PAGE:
In US parliamentary procedure, the previous question (also known as "calling for the question", "calling the question", "close debate", "calling for a vote", "vote now", or other similar forms) is generally used as a motion to end debate on a pending proposal and bring it to an immediate vote. The meaning of this specialized motion has nothing to do with any question previously considered by the assembly.
In the United States Senate and Commonwealth parliaments, a motion for "cloture", or "closure", is used instead to end debate. In those bodies, the "previous question" has a different use and is rarely used or not used at all.
The "previous question" was initially used in the English Parliament in 1604. At that time, use of this motion was intended not to end debate, but to suppress the main question for the rest of the session (similar to an objection to the consideration of a question). It could be debated and when put to a vote, an affirmative vote on the previous question would put the main motion to a immediate vote, while a negative vote on the previous question would end consideration of the main motion altogether for the day. Although rarely used, this same form of the motion still exists in Parliament.
The United States Congress gradually changed the previous question to a different motion for its own purposes. Initially, its use in Congress was similar to that in parliament. Then in 1805, Congress made it undebatable. Throughout the 19th century, Congress made additional changes to this motion. By the end of the 19th century in the United States, it had become a motion to close debate and to proceed to voting on the main question.
To end debate, a motion for the previous question could be adopted. It is often proposed by a member saying, "I call [for] the question", although the formal wording is, "I move the previous question." The motion for the "previous question" has nothing to do with the last question previously considered by the assembly.
Another use of this motion could be to stop the moving of amendments on any amendable motion. It also prevents the making of other subsidiary motions like commit or postpone.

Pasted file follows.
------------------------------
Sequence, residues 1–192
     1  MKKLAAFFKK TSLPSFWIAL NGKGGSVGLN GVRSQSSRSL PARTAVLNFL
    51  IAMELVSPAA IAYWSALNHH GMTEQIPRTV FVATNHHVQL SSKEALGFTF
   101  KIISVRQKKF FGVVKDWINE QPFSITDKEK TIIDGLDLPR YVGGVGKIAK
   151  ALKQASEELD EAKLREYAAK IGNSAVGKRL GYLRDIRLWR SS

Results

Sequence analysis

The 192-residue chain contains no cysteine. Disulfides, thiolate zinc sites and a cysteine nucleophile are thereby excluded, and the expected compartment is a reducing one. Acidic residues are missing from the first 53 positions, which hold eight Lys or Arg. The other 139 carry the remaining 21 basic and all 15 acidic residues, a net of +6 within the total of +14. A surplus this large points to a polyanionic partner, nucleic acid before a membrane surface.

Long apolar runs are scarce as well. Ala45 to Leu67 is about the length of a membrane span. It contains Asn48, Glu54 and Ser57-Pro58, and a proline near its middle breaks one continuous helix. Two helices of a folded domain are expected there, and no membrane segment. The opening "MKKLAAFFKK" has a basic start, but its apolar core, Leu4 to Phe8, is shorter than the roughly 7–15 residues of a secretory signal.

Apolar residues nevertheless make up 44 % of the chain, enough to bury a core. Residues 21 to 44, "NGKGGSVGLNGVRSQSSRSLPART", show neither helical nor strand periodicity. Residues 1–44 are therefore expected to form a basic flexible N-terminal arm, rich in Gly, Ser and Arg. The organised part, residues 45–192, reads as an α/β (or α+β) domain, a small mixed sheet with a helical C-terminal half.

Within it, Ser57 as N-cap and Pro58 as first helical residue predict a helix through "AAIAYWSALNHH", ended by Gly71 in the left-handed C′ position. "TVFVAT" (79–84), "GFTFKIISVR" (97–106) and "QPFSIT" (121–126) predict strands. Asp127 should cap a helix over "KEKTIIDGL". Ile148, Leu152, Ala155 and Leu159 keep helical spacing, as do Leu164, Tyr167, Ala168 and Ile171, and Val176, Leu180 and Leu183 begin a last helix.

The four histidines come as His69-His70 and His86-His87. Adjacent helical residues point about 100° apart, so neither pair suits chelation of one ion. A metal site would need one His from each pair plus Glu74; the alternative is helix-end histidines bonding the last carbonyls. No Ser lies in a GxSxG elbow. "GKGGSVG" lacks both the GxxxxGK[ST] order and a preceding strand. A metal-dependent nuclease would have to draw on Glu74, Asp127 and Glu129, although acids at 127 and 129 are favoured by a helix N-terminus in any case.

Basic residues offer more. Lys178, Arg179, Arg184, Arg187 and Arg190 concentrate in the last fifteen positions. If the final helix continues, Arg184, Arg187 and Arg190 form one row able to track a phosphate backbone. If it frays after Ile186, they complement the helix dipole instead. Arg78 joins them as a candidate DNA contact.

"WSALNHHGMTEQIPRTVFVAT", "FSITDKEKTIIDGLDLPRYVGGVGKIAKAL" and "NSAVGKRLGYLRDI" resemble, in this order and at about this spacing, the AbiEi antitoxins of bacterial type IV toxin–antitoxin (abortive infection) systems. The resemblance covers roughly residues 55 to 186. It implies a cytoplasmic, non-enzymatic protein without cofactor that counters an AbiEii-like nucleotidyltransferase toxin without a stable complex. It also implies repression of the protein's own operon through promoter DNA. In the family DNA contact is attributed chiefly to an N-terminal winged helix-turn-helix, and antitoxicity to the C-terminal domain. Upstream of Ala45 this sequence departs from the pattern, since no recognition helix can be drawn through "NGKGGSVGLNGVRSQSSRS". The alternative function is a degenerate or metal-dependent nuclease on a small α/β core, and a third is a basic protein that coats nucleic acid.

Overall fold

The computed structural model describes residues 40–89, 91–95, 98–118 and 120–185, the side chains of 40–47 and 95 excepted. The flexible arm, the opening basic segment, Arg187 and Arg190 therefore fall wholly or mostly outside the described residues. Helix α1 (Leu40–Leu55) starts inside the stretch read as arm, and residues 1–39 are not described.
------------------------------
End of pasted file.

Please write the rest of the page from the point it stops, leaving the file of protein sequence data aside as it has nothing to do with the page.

|In order when another has the floor?||No|
|May be reconsidered?||Yes, but if vote was affirmative, only before any vote has been taken under it. A negative vote on this motion can be reconsidered only until such time as progress in business or debate has made it essentially a new question.|
Under Robert's Rules of Order Newly Revised (the book used by most organizations in the United States), when a motion for the previous question is made (whether formally or in a nonstandard form such as "calling the question", "close debate", or "calling for a vote"), a two-thirds vote (or unanimous consent) is required to end debate. A single member cannot force the end of debate. Also, interrupting someone by yelling out "Question!" or "Call the question!" is not appropriate (it has to be made by obtaining the floor like other motions).
This motion is not debatable because having debate on such a motion would defeat its purpose.
In ordinary societies, the rationale for a two-thirds vote to end debate and move to a vote on the pending question is to protect the rights of the minority (and it may protect the rights of the majority if only one person was improperly allowed to stop debate).
Most state legislatures in the United States use Mason's Manual of Legislative Procedure. This book also provides for the motion of the previous question.
The Standard Code of Parliamentary Procedure does not have the "previous question". Instead this book has the motion to "close debate", the motion to "vote immediately", or the motion to "close debate and vote immediately". Regardless of the terminology, a two-thirds vote is required to end debate.
See also: Cloture
In the United States House, most major legislation comes to the floor under a special rule approved by the Rules Committee, and then the House, which defines the terms and limits of debate for that resolution. After debate has begun, the previous question may be used to end debate (which requires only a simple majority of voting Members to pass).
Instead of a motion for the previous question, the United States Senate uses a motion to limit debate, called cloture. This requires three-fifths of the total number of Senators. It does not immediately end debate on the pending question, but rather imposes strict limitations on debate.
See also: Cloture
In the House of Commons of the United Kingdom, the use of the previous question is the same as was originally developed (by suppressing the question instead of closing debate), although its use in this regard is very rare. The Chair responds to a motion for the previous question with "The question is, That the Question be not now put." The Select Committee on the Modernisation of the House of Commons criticized this procedure as "totally incomprehensible", and proposed in its place a simplified motion to "proceed to the next business". Instead of the previous question, a closure motion is used to end debate.
The Australian Senate has the "previous question" in its original form from the British Parliament (by suppressing the question instead of closing debate) and is also very rarely used by this body. Instead, the "closure" motion is used to end debate in both the Senate and the House of Representatives. Closure is also used in groups outside parliament in Australia.
In the Parliament of Canada, the previous question has a similar older form. Also in this body, the "closure" motion is used to end debate.
previous question - Non-debatable motion, available in the House and its legislative committees, which, when agreed to, cuts off further debate, prevents the offering of additional amendments, and brings the pending matter to an immediate vote.